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May 23 / Chuck Smith, Jr.

May 22, 2011

When the days were approaching for His ascension, He was determined to go to Jerusalem; and He sent messengers on ahead of Him, and they went and entered a village of the Samaritans to make arrangements for Him. But they did not receive Him, because He was traveling toward Jerusalem. Luke 9:51-53 (read verses 9:51-62)

INTRO: In the last few months, I’ve been asked a couple of times, what I thought of Harold Camping’s predictions of a May 21 rapture

– I didn’t really know anything about it
– since I could not force myself to get interested in it, I never looked into it

But now, after it didn’t happen, I am interested
– what is he doing the day after? How is he handling his failure?

  • is he blaming God? Satan? The media? His calculator?
  • is he coming up with rationalizations–why he wasn’t wrong?
  • or is he sitting in humility admitting he made a mistake, that he let his excitement get the best of him and now he’s learned important lessons about the mystery of scripture and letting God be God?

– this is what I would like to see
– the Lord knows how many times I’ve made public blunders

Why does this interest me now that it’s a colossal failure?
– because it reveals an inner conflict felt by many Christians: We want God to come out of hiding and take center stage
– we’re afraid of our world, ourselves–humankind–and we want God to intervene before we self-destruct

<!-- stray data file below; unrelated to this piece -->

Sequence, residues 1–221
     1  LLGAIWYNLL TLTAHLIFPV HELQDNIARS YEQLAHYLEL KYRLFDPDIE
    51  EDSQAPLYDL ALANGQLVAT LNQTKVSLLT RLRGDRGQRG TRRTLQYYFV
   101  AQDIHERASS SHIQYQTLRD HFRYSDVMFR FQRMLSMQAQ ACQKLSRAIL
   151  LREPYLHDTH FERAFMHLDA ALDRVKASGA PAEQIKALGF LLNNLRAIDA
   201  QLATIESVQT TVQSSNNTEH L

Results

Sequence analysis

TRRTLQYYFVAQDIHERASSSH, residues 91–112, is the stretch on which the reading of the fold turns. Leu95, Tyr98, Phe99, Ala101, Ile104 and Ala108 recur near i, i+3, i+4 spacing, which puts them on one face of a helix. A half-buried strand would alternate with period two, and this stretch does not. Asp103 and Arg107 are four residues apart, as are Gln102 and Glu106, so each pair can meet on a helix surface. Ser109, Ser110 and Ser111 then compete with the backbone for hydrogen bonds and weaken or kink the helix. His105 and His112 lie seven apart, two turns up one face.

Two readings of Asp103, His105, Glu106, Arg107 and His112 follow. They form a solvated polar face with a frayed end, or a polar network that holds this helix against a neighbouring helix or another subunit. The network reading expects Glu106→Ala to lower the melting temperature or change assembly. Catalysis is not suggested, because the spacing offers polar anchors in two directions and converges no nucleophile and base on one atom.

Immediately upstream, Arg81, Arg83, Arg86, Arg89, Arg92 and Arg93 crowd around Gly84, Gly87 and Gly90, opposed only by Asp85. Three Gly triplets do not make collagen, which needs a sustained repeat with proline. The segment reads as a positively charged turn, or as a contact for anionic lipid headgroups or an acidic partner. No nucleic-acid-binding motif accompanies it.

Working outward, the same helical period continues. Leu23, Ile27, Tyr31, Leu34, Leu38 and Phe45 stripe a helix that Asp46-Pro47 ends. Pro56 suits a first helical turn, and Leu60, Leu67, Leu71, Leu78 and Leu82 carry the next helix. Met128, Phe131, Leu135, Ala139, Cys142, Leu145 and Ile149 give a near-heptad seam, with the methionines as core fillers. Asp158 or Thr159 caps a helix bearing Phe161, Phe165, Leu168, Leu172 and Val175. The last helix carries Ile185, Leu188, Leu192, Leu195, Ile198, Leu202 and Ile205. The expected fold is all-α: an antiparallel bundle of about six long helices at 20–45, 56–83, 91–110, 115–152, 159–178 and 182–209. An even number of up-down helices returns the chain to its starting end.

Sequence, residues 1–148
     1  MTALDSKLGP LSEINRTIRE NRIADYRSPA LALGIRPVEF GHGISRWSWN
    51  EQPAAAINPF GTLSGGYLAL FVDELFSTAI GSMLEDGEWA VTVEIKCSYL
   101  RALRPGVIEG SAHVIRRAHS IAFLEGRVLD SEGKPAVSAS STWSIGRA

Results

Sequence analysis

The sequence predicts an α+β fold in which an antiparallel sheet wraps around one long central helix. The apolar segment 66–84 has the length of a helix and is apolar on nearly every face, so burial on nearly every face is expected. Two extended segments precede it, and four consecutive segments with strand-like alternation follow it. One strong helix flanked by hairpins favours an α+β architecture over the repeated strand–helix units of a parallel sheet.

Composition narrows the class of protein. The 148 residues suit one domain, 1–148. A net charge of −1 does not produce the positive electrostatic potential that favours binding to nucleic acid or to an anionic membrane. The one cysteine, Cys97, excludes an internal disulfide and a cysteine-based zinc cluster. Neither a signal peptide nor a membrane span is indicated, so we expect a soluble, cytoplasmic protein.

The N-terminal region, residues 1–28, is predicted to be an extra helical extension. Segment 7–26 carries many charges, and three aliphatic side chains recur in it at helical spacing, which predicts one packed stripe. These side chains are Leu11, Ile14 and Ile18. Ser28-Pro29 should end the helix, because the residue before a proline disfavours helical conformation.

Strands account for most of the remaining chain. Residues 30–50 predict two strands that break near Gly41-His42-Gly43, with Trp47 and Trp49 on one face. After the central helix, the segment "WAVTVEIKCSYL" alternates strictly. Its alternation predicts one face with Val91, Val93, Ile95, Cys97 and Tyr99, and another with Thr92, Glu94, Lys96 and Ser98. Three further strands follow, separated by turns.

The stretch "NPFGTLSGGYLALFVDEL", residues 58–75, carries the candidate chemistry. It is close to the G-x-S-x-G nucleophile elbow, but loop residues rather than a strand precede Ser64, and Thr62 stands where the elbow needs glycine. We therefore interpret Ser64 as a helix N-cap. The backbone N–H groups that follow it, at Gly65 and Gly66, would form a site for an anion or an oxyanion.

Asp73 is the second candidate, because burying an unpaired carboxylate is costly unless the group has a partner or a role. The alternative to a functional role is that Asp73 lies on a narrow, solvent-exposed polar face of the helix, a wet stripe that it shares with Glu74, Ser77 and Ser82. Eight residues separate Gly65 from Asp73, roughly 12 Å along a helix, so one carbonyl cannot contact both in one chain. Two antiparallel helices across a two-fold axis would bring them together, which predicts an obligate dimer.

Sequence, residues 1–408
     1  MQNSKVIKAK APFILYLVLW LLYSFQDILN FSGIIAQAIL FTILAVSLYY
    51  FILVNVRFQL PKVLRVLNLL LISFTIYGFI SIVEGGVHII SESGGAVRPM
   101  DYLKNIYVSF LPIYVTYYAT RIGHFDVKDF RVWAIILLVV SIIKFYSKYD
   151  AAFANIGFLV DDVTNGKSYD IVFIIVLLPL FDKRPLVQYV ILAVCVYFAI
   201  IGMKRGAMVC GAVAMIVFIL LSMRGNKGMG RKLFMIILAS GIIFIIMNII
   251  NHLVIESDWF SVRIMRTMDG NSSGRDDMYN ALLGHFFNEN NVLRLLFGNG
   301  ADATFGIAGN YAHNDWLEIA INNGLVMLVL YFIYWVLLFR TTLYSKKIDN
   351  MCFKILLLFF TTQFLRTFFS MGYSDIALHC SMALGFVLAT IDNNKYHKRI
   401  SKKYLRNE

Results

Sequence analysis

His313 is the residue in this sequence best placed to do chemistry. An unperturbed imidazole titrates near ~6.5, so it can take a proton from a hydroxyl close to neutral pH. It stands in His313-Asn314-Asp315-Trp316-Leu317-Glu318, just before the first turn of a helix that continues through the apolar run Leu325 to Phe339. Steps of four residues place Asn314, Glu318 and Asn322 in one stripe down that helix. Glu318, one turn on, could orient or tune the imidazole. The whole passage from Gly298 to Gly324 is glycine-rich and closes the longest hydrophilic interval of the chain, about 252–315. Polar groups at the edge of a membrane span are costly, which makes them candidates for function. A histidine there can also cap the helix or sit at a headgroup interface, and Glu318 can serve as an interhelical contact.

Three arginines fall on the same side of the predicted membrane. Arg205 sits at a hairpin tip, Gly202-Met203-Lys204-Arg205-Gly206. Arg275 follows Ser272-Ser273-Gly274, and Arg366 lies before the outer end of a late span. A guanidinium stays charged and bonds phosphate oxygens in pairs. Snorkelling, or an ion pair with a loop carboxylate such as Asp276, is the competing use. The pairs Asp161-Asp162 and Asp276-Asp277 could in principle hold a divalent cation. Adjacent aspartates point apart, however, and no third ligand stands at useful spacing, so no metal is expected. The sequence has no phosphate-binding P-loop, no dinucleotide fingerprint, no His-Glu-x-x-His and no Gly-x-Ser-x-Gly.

– but even more, we want God – not a substitute, like a church, a priest, or predictors of the last day
– we want to know that God is here with us, that he cares, and that he is involved in our everyday issues
But when we go and look down every street, he’s not there (Job 23:8-9)
– when we listen for the sound of his voice, the sky is silent

Then we have to return to ordinary faith
We return to:

  • developing a greater sensitivity to spirit, because that is where God speaks
  • to a greater awareness of God in the everydayness of life, because that is where he reveals his face
  • a life in which we are not sure about the day or the hour
  • a life in which everything continues on as it has
  • what we were doing in the days and months before it didn’t happen
  • the day to day discipline of the spiritual journey

This is exactly where we join Jesus in Luke 9:51

Verses 51-53, Jesus’ takes his ministry in a new direction

This translation hides a repetition that occurs in the Greek text
– “set his face,” “before his face,” and “his face was going to”
– his face indicates his intention, direction, and destination
Jesus is facing his destiny and he has begun his journey toward it

When Jesus was transfigured, the first thing that happened was the appearance of His face became different

I was reading in 1 Chronicles this week and came to the place where David passed a song on to worship leaders

Seek the LORD and His strength;
Seek His face continually
(1 Chr. 16:11)

In the Hebrew Scriptures, the term face refers to God’s presence and favor
(e.g., the blessing of the priest in Nu. 6:25, “The LORD make His face shine upon you”)